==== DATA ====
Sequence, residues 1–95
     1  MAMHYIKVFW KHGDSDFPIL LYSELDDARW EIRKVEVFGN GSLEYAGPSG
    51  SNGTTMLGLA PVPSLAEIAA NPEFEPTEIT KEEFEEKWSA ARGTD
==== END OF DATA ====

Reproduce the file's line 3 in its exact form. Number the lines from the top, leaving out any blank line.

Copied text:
    51  SNGTTMLGLA PVPSLAEIAA NPEFEPTEIT KEEFEEKWSA ARGTD